April 24, 2012
Understanding ‘Stand Your Ground’—A Commentary by Robert Leider ’12
The following commentary was published in the Wall Street Journal on April 17, 2012.
Understanding ‘Stand Your Ground’
By Robert Leider ’12
The shooting of Trayvon Martin by George Zimmerman has spurred national outrage over Florida's Stand Your Ground law. Unfortunately, the discussion of this law has been marred by misinformation. Jeffrey Toobin, CNN senior legal analyst, erroneously claimed that the law "allows a disproportionate response; if someone comes at you with a fist, you can reply with a gun."
Many have asserted that in Florida anyone who believes he is in danger can use deadly force, no matter how unreasonable his belief. These perceptions of the law are wrong. As compared with other states, Florida's Stand Your Ground law is neither extreme nor an outlier.
In Florida, as in most states, a person claiming self-defense must show that he (1) reasonably believed that such force was (2) necessary to protect himself against (3) the imminent and (4) unlawful use of force by another. The person claiming self-defense usually cannot be the initial aggressor. And to use deadly force in Florida, as Mr. Zimmerman did, a person must also reasonably believe that the aggressor threatened him with death, great bodily injury, or intended to commit a forcible felony (e.g., rape, robbery or kidnapping).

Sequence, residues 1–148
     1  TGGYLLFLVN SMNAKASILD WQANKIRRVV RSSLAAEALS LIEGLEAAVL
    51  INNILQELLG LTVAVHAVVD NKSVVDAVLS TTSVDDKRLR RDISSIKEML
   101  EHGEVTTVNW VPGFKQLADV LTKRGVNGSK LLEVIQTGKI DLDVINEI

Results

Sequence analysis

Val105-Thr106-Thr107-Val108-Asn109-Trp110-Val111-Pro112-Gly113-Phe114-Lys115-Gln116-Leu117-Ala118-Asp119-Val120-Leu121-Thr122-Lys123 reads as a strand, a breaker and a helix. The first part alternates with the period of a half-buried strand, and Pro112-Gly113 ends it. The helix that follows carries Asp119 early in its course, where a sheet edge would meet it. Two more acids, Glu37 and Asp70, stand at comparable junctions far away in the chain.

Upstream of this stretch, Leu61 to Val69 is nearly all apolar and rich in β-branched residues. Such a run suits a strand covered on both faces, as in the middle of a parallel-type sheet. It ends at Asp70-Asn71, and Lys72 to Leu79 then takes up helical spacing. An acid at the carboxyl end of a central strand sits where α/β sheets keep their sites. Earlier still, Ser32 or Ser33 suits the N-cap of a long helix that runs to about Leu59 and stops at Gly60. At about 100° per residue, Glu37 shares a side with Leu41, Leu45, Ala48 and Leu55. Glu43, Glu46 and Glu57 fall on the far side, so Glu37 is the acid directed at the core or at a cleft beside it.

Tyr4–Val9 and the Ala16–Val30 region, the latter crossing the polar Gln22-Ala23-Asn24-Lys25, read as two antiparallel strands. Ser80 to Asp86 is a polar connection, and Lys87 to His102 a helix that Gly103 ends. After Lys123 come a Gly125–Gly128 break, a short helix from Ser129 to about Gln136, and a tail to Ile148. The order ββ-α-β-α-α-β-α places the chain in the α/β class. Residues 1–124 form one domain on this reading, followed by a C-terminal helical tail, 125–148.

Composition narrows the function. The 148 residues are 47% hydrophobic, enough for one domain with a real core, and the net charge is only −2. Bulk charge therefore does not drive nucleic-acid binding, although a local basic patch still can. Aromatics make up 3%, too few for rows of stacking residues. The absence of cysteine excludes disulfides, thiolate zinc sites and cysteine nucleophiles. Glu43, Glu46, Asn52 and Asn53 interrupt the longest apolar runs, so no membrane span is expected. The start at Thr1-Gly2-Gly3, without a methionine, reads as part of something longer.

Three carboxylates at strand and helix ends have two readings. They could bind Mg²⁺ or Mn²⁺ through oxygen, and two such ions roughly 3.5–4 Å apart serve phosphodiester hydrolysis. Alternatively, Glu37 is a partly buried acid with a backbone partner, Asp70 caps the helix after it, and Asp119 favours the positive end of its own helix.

In short, under Florida's Stand Your Ground law, Mr. Zimmerman now must show that an average person in his circumstances would have viewed the Skittle-armed Martin as a mortal threat.
To these basic requirements, a minority of states add a general duty to retreat before using deadly force. Most states in this minority apply the rule only if the defender knows he can retreat with complete safety. In Florida before 2005, a person usually could not use deadly force if he could retreat without increasing his danger.
Although expanding Stand Your Ground laws has suddenly become part of the culture war, the existence of such laws traditionally depended on geography, not politics. Older states generally inherited the duty to retreat from English common law. As the United States expanded westward, the retreat requirement usually did not follow. Instead, Western states followed the "true man" doctrine, named because "true men" do not retreat when faced with danger. California became a Stand Your Ground state more than 150 years before Florida.
With the prevalent use of firearms, the retreat requirement has limited application today. Individuals usually cannot know that they can retreat in complete safety when facing aggressors armed with guns. And the retreat requirement has numerous exceptions in addition to the "castle doctrine," which exempts people in their homes from the duty to retreat.
For example, in states that require retreat, law-enforcement officers making arrests always may "stand their ground" when threatened.